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35-year-old Vanna Seang never got to see the film he directed. The ‘Return to K.I.D’ documentary is Vanna’s personal legacy project. It was the last project he focused on before dying on September 5, 2018, after being diagnosed with a rare blood condition. Those that watch it recognize it is the film they were hungry to see.                              

Thanks to his family and ardent supporters of his work, the film was finished.  Original plans to screen the premiere in cinema were abandoned because of the Covid-19 pandemic’s closure of cinemas. Instead, the film premiered publically online on April 18, 2020, reaching a global audience, and was followed by overwhelming heartfelt reviews and messages of praise, gratitude, and support 

The Magical Cambodia team does not need to add any thoughts about the film.  It speaks for itself. It speaks for the Seang family. It speaks for Cambodia, and it speaks for refugees everywhere in the world.

Return to KID is a feature-length documentary that tells the powerful story of Vanna Seang’s family and their experience as refugees fleeing Cambodia. The film takes us on a journey as they recount the horrors of living under the Khmer Rouge and painfully retrace their steps to Khao-I-Dang, a refugee camp in Thailand (also known as ‘KID’). Amidst their struggle, resilience, and sacrifice, Return to KID is also peppered with laughter and joy. At its heart, Return to KID is a story of healing and rediscovery.


In 1979 and the mid-eighties, famine, death, war and chaos ensued when the Vietnamese army invaded Cambodia. After suffering for many years under the Khmer Rouge (including the execution of relatives and forced marriage), Vanna’s parents, Ly Heang and Norn Seang, decided to leave Cambodia, making the dangerous trek to KhaoI-Dang, a refugee camp in Thailand. Vanna was one-year-old at the time. The family lived there for four years until they were accepted as refugees and moved to Australia.

Return to KID was filmed in Australia, Cambodia, and Thailand for over 12 months. It includes interviews, observational footage, diary-cam, aerials, archive, and historical photographs, combined with narration by the filmmaker, Vanna Seang.


In late 2016, Vanna, 34, and his mother, Ly Heang, 57 were asked to participate in a stage production called “Who Speaks for Me” directed by two well-known Australian creatives, William Yang and Annette Shun Wah. It was to be performed at the National Theatre of Parramatta.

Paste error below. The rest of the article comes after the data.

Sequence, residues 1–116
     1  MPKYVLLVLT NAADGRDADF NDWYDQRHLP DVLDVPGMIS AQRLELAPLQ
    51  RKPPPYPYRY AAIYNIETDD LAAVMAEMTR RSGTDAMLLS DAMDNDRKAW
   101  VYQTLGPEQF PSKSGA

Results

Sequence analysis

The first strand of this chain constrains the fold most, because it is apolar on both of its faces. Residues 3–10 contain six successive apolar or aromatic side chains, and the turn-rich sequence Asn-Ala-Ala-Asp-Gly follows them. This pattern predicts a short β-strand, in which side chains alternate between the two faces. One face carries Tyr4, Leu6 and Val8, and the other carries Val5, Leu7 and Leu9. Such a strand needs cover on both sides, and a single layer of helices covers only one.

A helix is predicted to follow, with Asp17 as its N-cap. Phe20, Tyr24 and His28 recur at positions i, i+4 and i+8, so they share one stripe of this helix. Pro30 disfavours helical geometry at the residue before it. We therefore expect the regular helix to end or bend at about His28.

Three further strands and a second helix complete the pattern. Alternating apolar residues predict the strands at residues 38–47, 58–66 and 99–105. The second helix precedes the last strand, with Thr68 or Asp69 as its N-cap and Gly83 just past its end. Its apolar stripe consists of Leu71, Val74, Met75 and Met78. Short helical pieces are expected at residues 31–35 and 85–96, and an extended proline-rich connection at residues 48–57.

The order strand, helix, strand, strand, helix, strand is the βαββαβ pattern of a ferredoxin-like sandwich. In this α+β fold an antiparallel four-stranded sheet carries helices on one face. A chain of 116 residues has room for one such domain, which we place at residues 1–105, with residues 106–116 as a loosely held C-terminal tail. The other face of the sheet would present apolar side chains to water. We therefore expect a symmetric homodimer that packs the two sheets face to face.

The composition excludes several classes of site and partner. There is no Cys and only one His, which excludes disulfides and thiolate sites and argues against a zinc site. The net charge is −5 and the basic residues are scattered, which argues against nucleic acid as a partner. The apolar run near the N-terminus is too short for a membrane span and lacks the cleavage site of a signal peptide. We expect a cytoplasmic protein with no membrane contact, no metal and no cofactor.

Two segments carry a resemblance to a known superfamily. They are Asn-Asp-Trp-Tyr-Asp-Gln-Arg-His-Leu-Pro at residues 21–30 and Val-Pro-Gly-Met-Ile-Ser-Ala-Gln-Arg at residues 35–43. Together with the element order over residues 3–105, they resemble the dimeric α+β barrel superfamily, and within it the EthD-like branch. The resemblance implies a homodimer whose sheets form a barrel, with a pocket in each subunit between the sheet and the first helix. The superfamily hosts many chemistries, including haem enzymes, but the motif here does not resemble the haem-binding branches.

Through personal storytelling and photographs, the production would showcase three families from refugee backgrounds, exploring their struggle to assimilate into Australian culture. At first, Ly Heang was reluctant to accept the challenge. She didn’t believe her English would be good enough to tell her story. But with encouragement from Vanna, Ly Heang took a deep breath and said ‘yes’.

As part of the creative process, Vanna and Ly Heang had to write a detailed script. As Ly Heang began plotting the sequence of events and filling in details of her past, Vanna grew more intrigued. What he discovered was an unbelievable story. A past that, until now, Vanna knew little of, apart from the fragmented and guarded pieces he heard growing up.

It was a story of oppression and trauma, courage, and hope. As the date drew nearer, the show started getting media attention. The attention becomes overwhelming for Ly Heang when she is asked to be interviewed live on ABC Radio. She reluctantly agrees, but in the days leading up to it calls Vanna constantly. She is really anxious about her English. Vanna and Ly Heang practice her storytelling over the phone. But Ly Heang’s confidence remains low… and she wants out.

None the less, the day arrives and Ly Heang brings herself to the ABC studios. And she tells a heart-rending story that leaves the radio host in tears. “Who Speaks For Me” is performed to critical acclaim. Audiences are moved as it explored the use of language, the powerlessness of not having it, the nuances lost in translation, and the sometimes-hilarious consequences of misunderstanding it.

By the time the stage production was over, Vanna’s curiosity had grown into a passion. He wanted to know more about what happened in Cambodia. He felt compelled to explore his family’s painful past. With his ever-growing connection to the story, coupled with his instincts as a filmmaker, Vanna invited his parents to go on an emotional journey, back to Cambodia. They agreed.

By chance, the family landed in Phnom Penh during “Phchum Ben”, a weeklong national festival where Cambodians pay homage to their ancestors. His father Norn, now 60, whom Vanna had been estranged from, opens his heart to explore his painful and dark family history.